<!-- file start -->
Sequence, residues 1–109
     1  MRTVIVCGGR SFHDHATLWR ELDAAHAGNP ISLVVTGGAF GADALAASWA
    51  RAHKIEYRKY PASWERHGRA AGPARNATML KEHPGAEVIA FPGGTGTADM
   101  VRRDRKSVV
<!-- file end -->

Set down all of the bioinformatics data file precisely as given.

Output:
Sequence, residues 1–109
     1  MRTVIVCGGR SFHDHATLWR ELDAAHAGNP ISLVVTGGAF GADALAASWA
    51  RAHKIEYRKY PASWERHGRA AGPARNATML KEHPGAEVIA FPGGTGTADM
   101  VRRDRKSVV